I don't think it's cronyism — Bush's pick of longtime legal aide Harriet Miers (search) for the Supreme Court.
I think it might be Laura Bush's choice.
I think it just might be Texan George W. Bush saying, "Hey, can't figure these East coast guys out, I'm going with the Texan. I know her and trust her."
But I also have a third possible explanation that goes like this:
This is what happens when the president is politically weak. He is less likely to take chances.
Same thing with Katrina and Rita. A politically weak president throws $200 billion dollars at the problem. A politically strong president — a Republican — might say, "Hey, we have to rebuild the Gulf Coast, but let's not go crazy on the money."
Bush's polling numbers are up to 40 percent approval.
That's the definition of weak.
It's laughable that the Democrats — like Terry McAuliffe (search), who was on this show last week — would say Bush isn't doing enough for the Gulf Coast and we need a Marshall Plan. Two hundred billion isn't a Marshall Plan?
Talk like that is how Bush got weak. He can't do anything right far as the Dems are concerned, even when he outspends them.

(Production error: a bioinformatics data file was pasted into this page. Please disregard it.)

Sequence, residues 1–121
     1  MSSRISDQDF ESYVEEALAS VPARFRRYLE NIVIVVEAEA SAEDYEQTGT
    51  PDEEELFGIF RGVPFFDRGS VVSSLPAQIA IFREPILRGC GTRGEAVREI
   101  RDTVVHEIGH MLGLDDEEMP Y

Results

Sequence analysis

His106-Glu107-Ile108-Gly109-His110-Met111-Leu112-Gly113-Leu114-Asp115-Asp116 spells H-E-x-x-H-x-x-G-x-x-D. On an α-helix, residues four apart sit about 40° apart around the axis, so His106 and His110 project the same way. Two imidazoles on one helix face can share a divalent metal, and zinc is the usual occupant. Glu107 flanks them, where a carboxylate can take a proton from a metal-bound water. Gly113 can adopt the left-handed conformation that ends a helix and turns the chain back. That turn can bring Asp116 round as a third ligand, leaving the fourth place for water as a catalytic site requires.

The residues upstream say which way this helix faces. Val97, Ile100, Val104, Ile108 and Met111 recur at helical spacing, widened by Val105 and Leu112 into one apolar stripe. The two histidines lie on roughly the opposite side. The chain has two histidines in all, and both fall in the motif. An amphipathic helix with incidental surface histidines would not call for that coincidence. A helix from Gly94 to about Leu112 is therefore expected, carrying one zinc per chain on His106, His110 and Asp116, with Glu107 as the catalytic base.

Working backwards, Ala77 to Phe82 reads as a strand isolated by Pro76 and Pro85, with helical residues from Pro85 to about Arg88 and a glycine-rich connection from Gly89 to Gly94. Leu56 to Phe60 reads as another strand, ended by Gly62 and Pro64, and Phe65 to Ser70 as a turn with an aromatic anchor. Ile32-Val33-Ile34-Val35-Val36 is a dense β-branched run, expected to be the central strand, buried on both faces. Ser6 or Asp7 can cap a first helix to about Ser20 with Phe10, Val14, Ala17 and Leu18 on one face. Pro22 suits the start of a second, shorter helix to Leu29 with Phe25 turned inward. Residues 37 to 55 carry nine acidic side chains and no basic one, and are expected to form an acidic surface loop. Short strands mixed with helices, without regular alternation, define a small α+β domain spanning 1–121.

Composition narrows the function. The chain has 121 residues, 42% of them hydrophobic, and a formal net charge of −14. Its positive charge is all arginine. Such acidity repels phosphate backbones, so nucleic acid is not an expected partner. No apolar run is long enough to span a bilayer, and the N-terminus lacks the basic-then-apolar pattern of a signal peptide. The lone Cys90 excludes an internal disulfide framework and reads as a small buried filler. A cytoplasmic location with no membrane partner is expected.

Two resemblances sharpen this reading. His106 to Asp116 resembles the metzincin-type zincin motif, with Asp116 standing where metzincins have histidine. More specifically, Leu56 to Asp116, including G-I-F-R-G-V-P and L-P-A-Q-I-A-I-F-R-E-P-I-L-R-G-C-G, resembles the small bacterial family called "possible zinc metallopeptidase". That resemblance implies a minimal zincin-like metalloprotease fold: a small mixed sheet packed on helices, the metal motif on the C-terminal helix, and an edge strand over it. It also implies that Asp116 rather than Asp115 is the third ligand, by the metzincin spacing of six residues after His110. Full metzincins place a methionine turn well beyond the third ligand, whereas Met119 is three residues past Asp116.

The other reason Bush is weak is his Social Security plan. He drove into the ditch — in the high weeds — on that from the start. Yes, it's a problem. But it took him off the war, which was always his strength.
While he avoided talking about the war, lost focus on Iraq, the Dems kept pounding on it like the election campaign was still underway. And it worked. They got some Bush supporters to flip.
So why does the Miers choice demonstrate weakness? Because Bush can't afford even more divisive fights that people like Bill Kristol (search) and Pat Buchanan (search) might have taken on to have a solid gold conservative on the court.
Bush had to go with somebody he thinks he knows. The conservative critics don't know her and don't trust her. It's Bush who does know her and does trust her.
So the question for history: Has Bush read Harriet Miers right?
We shall see.
That's My Word.
Watch John Gibson weekdays at 5 p.m. ET on "The Big Story" and send your comments to: email@example.com